The Mahomet Park and Recreation Department has taken the party outside with their current Zumba in the Park programming.
While their Zumba program has been held in the Mahomet-Seymour High School fieldhouse or the Mahomet Community Building, schedule conflicts forced the department to think outside of the box. They decided to use the pavilion at Barber Park during July.
“The facility is kind of perfect,” said new Zumba instructor Kristina Robinson. “Of course it’s hot and there are bugs, but it’s covered and we get a view of the pretty sunset. Most people sit in their office all day longing for the sunshine. So this is something fun to try.”
Robinson took over the Zumba program when the former instructor moved to Michigan with her husband. While Robinson took other Zumba courses throughout her twenties, she fell in love with it through the MPRD program in January.
“Once I started, I thought there is no other way to work out,” said Robinson, who danced in high school and taught dance in college. “I’m glad other people can find other ways, but this is my way.”
She traveled to Chicago to become a certified Zumba instructor. Robinson is also certified in Zumba Gold. During training, Robinson trained on basic steps, choreography and music. Zumba also sends monthly music and routine tips.
The former instructor also left Robinson with choreographed routines and music when she left. The two also use Facetime as a tool to make-up workouts together.
“She had built a following, so I wanted to keep her following happy,” she said.
Robinson started teaching through the MPRD in July.
Zumba is dance fitness to international music designed for participants ages 16 and up. Although calorie counting is not part of the program, participants who wear a calorie counting watch say they burn about 600 calories during the hour long workout.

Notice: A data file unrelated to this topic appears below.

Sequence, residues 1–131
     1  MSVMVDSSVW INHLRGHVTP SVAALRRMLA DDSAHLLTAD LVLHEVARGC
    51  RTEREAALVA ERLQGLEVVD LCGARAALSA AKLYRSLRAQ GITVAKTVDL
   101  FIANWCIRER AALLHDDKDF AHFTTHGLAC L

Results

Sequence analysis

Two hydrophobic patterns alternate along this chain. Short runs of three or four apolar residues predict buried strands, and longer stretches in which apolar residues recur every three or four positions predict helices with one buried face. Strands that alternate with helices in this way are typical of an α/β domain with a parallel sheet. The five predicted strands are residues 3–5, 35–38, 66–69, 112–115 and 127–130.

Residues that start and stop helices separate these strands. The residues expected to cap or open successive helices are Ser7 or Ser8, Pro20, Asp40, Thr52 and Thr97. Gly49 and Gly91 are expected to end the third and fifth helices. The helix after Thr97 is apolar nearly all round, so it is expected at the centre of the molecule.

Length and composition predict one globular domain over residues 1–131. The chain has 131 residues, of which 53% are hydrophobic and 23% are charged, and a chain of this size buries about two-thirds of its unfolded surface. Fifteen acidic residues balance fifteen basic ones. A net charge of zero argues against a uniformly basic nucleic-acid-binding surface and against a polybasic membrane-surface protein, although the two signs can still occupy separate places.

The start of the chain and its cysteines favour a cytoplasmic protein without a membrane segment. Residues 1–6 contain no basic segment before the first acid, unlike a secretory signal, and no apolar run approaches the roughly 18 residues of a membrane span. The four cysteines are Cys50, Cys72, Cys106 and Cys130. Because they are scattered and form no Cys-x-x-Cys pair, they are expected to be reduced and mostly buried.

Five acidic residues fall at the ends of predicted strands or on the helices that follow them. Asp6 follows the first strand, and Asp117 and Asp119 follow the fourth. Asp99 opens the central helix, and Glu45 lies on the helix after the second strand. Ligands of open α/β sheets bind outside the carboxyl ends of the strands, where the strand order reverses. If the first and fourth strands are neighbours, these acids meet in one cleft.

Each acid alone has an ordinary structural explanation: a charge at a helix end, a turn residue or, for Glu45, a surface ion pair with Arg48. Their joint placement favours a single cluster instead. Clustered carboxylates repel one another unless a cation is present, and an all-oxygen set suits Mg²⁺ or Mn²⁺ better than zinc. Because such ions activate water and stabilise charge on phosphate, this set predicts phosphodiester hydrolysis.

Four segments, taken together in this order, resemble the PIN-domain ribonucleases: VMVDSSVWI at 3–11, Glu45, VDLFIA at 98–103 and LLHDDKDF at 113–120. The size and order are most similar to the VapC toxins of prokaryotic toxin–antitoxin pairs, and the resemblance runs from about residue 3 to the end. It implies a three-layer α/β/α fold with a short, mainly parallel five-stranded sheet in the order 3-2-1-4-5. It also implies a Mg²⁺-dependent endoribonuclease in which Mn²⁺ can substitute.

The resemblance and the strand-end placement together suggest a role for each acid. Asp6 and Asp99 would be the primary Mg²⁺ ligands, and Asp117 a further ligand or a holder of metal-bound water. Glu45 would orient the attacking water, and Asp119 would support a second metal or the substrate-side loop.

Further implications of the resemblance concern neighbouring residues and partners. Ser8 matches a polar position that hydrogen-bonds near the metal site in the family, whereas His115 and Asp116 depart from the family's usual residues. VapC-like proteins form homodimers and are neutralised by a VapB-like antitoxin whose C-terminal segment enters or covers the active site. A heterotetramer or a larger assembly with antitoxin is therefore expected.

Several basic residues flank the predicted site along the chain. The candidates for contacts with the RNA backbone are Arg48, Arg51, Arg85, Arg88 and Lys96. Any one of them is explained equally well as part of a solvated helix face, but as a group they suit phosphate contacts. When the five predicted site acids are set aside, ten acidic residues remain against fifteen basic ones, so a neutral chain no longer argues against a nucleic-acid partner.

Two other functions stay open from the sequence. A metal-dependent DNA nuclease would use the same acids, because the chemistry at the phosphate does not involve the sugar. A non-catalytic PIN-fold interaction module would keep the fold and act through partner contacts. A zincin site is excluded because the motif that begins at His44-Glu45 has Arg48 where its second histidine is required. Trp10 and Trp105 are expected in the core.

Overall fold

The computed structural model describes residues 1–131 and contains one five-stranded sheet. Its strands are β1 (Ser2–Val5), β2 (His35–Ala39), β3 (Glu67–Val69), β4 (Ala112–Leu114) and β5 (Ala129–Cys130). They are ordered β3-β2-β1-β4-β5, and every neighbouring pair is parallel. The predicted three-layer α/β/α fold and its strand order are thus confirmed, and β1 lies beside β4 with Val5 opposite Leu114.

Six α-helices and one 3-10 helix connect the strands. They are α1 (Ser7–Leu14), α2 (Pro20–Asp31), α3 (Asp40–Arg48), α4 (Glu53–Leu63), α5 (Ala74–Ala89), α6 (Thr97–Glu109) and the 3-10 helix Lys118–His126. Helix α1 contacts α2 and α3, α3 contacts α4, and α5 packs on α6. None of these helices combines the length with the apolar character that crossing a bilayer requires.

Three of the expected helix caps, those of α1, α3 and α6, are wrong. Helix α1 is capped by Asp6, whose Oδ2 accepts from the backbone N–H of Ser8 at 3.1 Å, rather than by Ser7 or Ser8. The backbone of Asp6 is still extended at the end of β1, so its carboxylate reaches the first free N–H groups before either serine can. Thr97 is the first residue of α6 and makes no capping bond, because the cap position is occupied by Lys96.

“It’s a vigorous workout,” she said. “It’s something everyone can make work for them.”
Robinson offers modifications for knee and ankle injuries during the routine. While participants are expected to keep moving for the hour, Robinson allows them to work at their own pace, even if they are just moving their arms, legs or just marching in place.
Participants get a complete body workout through constant dancing or targeted sequences such as calf raises, obliques or toning of the arms. Robinson said each week she can tell she’s worked out a different muscle.
“In our training, we learn that Zumba is meant to be a party,” she said. “You’re supposed to forget you’re working out. That’s why it’s different. That’s why people like it.”
Zumba Gold is the same format as Zumba, but with less high-impact moves. Robinson said Zumba Gold is for people who are just getting back into workouts again, have had an injury or may need modified workouts. Zumba Gold can be completed from a sitting position.
With the availability of the community building or the fieldhouse, Robinson plans to continue Zumba workouts through August. She’d like to take the once-a-week program to twice a week, while adding Zumba Gold to the program availability.
“There are a lot of people who think I’d like to try it, but there’s no way I can keep up or I’m not coordinated,” Robinson said. “You don’t have to be coordinated to do it.”
Robinson hopes to continue to build her certification through Zumba. She could get certified in Zumba Sentao, which is an intense workout with squats, kicks and jumps. But Zumbini, a parent and child class for kids 0 to 3 years really interests her. She could also become certified in a children’s program, Zumba Atomic.
Registration for August Zumba classes through MPRD will be available on the MPRD website soon.